The Proposed Regulation also proposes a mechanism that enables Member States and the Commission to collaborate on foreign investments that were not reported under the cooperation mechanism by the Member State where the foreign investment is intended or has occurred. This allows Member States and the Commission to initiate a ‘self-initiated procedure’ under the cooperation mechanism, starting 15 months after the completion date of the foreign investment.

Evaluating impact and implementing measures

The Proposed Regulation outlines factors to consider when assessing the potential impact of a foreign investment on security or public order. These factors include the effect on the security, integrity, and operation of critical infrastructure, the accessibility of critical technologies (including key enabling technologies), the sustained provision of critical inputs, the safeguarding of sensitive information (including personal data), and the preservation of media freedom and diversity.

Significantly, the Proposed Regulation mandates that if the screening authority of the Member State where the foreign investment is to occur determines that the transaction is likely to adversely impact security or public order in any Member State, the authority is obliged to either prohibit the transaction or implement mitigating measures, in accordance with the principle of proportionality and the specific circumstances of the investment.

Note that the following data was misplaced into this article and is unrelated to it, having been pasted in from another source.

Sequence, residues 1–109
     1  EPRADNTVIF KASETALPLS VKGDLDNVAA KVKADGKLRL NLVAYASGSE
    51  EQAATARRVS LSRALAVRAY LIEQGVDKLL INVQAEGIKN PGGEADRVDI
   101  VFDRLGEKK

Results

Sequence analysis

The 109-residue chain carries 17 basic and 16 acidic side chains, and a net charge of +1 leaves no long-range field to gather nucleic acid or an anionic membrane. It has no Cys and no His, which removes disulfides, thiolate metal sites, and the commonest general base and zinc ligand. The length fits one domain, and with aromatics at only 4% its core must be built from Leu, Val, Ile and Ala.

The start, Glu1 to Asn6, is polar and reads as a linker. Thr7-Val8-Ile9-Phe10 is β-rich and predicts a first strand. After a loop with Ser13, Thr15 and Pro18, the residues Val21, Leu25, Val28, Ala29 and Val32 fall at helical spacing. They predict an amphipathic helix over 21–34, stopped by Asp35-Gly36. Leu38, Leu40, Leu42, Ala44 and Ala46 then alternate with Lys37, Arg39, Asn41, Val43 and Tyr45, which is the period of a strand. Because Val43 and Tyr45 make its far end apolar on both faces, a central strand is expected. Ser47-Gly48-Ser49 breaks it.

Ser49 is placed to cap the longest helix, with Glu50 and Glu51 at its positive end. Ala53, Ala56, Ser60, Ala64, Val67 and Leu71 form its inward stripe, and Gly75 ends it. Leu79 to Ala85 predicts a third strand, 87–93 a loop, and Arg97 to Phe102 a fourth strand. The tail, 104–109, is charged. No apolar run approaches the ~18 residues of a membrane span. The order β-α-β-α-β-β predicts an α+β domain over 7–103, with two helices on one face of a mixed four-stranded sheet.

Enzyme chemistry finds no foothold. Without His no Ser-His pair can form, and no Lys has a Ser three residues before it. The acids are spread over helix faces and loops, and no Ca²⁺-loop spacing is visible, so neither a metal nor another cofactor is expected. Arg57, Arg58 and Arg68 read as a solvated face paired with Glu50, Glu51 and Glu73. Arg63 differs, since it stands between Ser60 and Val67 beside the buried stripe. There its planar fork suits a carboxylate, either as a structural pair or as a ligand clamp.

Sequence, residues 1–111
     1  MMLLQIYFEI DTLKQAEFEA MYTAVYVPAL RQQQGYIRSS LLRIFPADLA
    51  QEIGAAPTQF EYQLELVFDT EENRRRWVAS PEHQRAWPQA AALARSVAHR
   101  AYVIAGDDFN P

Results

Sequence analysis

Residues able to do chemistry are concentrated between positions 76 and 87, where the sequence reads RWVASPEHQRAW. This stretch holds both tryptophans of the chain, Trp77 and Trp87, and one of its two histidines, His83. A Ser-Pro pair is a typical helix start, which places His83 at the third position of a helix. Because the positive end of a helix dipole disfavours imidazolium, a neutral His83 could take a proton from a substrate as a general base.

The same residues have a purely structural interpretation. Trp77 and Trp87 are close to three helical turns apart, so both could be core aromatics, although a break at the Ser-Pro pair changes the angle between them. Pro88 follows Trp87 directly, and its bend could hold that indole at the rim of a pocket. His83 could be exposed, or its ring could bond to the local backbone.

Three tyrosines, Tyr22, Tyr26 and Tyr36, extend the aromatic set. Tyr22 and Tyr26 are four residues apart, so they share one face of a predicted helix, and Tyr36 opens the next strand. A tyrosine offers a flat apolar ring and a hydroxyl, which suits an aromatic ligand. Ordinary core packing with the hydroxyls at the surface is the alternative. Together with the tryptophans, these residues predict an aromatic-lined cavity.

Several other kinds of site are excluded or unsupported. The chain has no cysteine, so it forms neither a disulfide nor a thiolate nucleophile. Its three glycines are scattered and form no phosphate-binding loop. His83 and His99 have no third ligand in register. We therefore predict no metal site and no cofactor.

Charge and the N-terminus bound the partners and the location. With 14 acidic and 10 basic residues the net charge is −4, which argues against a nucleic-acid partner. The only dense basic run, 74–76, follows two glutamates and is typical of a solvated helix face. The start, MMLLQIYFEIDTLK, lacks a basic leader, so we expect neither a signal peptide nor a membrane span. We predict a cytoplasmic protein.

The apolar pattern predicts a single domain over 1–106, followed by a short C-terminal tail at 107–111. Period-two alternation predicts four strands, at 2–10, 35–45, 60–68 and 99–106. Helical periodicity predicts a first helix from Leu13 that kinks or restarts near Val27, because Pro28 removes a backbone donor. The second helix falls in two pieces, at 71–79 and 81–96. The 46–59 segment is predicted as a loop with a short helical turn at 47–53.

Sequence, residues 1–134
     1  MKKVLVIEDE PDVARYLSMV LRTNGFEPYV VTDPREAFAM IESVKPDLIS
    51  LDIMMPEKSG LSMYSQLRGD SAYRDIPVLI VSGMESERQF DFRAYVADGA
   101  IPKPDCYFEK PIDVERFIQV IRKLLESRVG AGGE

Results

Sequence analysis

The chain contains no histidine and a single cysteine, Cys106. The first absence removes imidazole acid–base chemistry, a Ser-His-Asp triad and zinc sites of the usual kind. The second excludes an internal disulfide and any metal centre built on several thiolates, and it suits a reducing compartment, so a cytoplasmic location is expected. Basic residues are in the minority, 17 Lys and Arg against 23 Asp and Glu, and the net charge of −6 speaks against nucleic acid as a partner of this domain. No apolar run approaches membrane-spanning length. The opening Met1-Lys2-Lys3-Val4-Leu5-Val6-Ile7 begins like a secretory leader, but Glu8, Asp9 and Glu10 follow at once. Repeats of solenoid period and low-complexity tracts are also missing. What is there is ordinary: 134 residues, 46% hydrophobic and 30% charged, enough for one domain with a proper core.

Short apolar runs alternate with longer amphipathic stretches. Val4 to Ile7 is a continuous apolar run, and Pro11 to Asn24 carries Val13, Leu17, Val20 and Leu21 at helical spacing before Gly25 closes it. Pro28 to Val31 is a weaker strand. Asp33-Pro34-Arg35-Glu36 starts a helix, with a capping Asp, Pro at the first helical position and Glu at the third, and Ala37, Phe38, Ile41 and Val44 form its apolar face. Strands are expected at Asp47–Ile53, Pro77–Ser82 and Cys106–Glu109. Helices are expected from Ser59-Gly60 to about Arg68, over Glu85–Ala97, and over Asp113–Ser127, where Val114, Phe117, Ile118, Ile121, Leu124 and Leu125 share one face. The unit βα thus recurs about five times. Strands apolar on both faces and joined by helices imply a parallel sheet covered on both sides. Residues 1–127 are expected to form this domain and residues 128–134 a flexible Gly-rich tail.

Conversely, if the potential impact on security and public order can be addressed by suitable measures under other Union or national laws, the authority is required to approve the transaction unconditionally.

Confidentiality of information

The Proposed Regulation stipulates that all information shared within the cooperation mechanism should be treated as confidential. This information should only be used for the purpose it was requested for unless the originator of the information consents otherwise or if EU courts require such information for legal proceedings. Confidential information cannot be downgraded or declassified without the prior written approval of the originator. Additionally, the Commission would establish a secure and encrypted system for exchanging information.